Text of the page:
Picking up where we left off from Chapter 1…
Next, I did my research. My husband, being a Chiropractor, has a very different mindset than most MDs. He has instilled in me, to always search for a cause. Why? Why was I getting nauseas? Why did I develop terrible acid reflux? Why did my bowel movements look like I had digested NOTHING?! (Sorry if that is too graphic for you.) I finally looked up St. Louis’ best doctors and found a gastroenterologist that had raving reviews. I made an appointment and saw him late March. After 3 full months of agony, doubt, pain, and worry, I was ready for the worst. And honestly, I didn’t care, just as long as it was an answer!
Dr. Su walked into my room and closed the door behind him. He introduced himself and sat down. He pulled out a notepad and said, “Tell me everything.” He looked me in the eye, listened, jotted down important info that I WAS SAYING, and nodded. He asked a few questions and when I felt that everything that needed to be said was out in the open, he wheeled his chair really close to me and said, “Maggie, you’re really sick. And we are going to figure out what is wrong.” Tears welled up in my eyes…tears of joy. I didn’t even have an answer, but I was so happy that someone cared enough to listen to how I felt and wanted to help me get better.
Dr. Su gave me a few blood tests. A few weeks went by and I received a phone call from him. He said that my gluten sensitivity was high in my blood and he wanted to perform an endoscopy to check out my small intestines. I had heard of gluten intolerance before but never Celiac disease. I figured I would get a head start on a gluten free diet until my scope at the end of April. I was doing okay on my diet, but was unaware of how much food contained gluten. I was feeling better…but at this point in time, ANY progress was great in my eyes. It didn’t hit me that I might have a severe problem, until one Sunday at church. I had been doing well with g-free and figured one little communion cracker couldn’t hurt…WRONG! That gluten filled, piece of holy bread made me SICK! I knew that I was going to have to make some big changes!
My scope went well and confirmed that I had Celiac Disease. I was actually very excited at first! I came out of anesthesia with a smile on my face and my husband drove me to my NEW favorite g-free café. My doctor sent me home with lots of packets and papers of new information. I read up and found some overwhelming information. I had no idea that Celiac was an autoimmune disease, meaning that my body was attacking itself (particularly in my small intestines) when consuming gluten.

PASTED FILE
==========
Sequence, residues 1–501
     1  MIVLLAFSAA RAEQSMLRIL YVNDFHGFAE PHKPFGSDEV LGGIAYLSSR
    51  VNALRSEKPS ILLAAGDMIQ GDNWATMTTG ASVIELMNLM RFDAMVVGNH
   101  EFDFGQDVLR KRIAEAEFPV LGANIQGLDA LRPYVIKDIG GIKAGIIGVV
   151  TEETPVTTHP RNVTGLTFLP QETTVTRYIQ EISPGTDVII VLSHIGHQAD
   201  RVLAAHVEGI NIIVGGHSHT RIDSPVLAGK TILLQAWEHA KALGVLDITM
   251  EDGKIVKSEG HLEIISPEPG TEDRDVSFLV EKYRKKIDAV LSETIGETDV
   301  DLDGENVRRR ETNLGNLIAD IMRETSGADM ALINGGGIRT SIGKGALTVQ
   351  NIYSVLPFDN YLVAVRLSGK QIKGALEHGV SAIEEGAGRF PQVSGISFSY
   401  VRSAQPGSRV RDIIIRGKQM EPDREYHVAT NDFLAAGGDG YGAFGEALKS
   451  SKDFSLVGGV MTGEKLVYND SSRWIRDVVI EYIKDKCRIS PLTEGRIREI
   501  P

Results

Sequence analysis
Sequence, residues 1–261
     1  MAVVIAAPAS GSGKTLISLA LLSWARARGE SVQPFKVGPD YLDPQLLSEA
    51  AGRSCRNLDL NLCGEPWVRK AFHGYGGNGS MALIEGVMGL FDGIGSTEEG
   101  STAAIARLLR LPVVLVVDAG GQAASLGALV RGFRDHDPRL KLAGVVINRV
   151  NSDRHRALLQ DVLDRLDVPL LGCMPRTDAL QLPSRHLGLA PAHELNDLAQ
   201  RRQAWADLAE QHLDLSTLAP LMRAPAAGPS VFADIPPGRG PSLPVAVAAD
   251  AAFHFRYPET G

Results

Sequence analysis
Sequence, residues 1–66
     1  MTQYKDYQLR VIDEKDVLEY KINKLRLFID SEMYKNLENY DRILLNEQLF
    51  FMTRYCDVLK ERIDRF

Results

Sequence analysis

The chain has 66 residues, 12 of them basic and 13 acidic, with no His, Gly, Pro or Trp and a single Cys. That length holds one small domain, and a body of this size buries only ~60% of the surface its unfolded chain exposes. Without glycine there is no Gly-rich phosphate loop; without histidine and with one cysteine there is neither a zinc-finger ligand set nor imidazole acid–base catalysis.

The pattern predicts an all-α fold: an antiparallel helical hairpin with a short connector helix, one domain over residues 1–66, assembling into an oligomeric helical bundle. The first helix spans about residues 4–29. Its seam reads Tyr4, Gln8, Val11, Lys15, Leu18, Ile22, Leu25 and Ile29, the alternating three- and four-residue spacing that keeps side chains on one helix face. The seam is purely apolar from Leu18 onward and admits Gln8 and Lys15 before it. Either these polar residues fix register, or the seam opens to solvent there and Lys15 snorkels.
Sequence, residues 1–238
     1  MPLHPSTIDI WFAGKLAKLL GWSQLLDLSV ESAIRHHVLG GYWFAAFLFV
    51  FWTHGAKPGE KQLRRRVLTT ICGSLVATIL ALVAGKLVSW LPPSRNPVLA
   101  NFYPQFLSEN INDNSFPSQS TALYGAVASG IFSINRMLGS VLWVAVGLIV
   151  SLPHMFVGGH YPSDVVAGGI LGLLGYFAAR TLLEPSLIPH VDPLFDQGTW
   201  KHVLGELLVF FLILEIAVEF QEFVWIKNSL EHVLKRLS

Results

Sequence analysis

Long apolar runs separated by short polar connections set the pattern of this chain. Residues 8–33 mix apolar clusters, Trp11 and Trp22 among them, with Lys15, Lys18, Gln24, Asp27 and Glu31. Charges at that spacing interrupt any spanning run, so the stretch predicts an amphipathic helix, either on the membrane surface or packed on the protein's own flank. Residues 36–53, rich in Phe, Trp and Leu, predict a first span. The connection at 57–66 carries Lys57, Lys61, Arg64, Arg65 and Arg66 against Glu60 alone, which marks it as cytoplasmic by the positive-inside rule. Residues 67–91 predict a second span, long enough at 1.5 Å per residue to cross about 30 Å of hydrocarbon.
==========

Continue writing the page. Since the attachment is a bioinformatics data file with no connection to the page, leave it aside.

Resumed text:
Gluten is a protein found in wheat, rye, and barley and gives breads the springy, elastic feeling that we all love. Why is a gluten free diet so limiting if it is only found in those 3 grains?…good question. Our country uses wheat as fillers and thickeners making it part of the ingredient list in MANY packaged foods. Cross contamination is another factor. The ingredients may be gluten free, but if it was processed on the same equipment as wheat, rye, or barley, I could get sick. If I buy a food that comes in a package, you better believe I’m reading every word on the label.
Celiac Disease: (Web MD Celiac Disease Health Center) says: With celiac disease, your immune system attacks the gluten and harms your small intestine when you eat these kinds of foods. This makes it hard for your body to absorb nutrients that keep you healthy. I love this discription. But so many people ask me, “What is the difference between celiac disease and gluten intolerance?” And here is MY opinion (remember I am not a doctor, and doctors are still learning about this condition): Celiac disease is when an autoimmune response is occurring in the small intestines along with other symptoms such as fatigue, brain fog, bowel problems and so on. Gluten intolerance is when you are having reactions to gluten in your own way (acne, bloating, nausea, brain fog, +295 other symptoms), but do not yet have the autoimmune response in your intestines. Notice, I say YET. Here’s an example: I look at gluten intolerance as the precursor to Celiac. Just like someone can be “pre-diabetic” before developing diabetes, Celiac can be developed if you don’t make changes and take care of it at the gluten intolerance stage. This is such a problem because so many people have no idea that their symptoms are due to gluten. Symptoms like acne, brain fog, ADHD, bloating, joint pain, constipation, diarrhea and so much more, are all ways your body could be reacting to gluten. 97% of people with Celiac still don’t know that they have it!!! Does this mean that gluten intolerance is not as “severe” as Celiac?…absolutely not! If anything, it is more important to find it at this stage! They go hand in hand, and both require the same treatment: a gluten free diet. Therefore, if your blood work (or especially a child’s) comes back with a gluten sensitivity, there is really no need to get a scope to determine if you have Celiac. Why? Because, both gluten intolerance and Celiac Disease have the same treatment. And many people do not want to undergo the invasive scope, especially with a child. If you are having other health problems (like me) or try the g-free diet and it does not help, you might want to get a scope or other tests done to check out what else could be going on.
I hope this helps clear up some questions…I have so much more to explain about how the next few months went down after diagnosis and how my lifestyle and PREGNANCY have been since being diagnosed. Stay tuned for more “Celiac Journey” posts.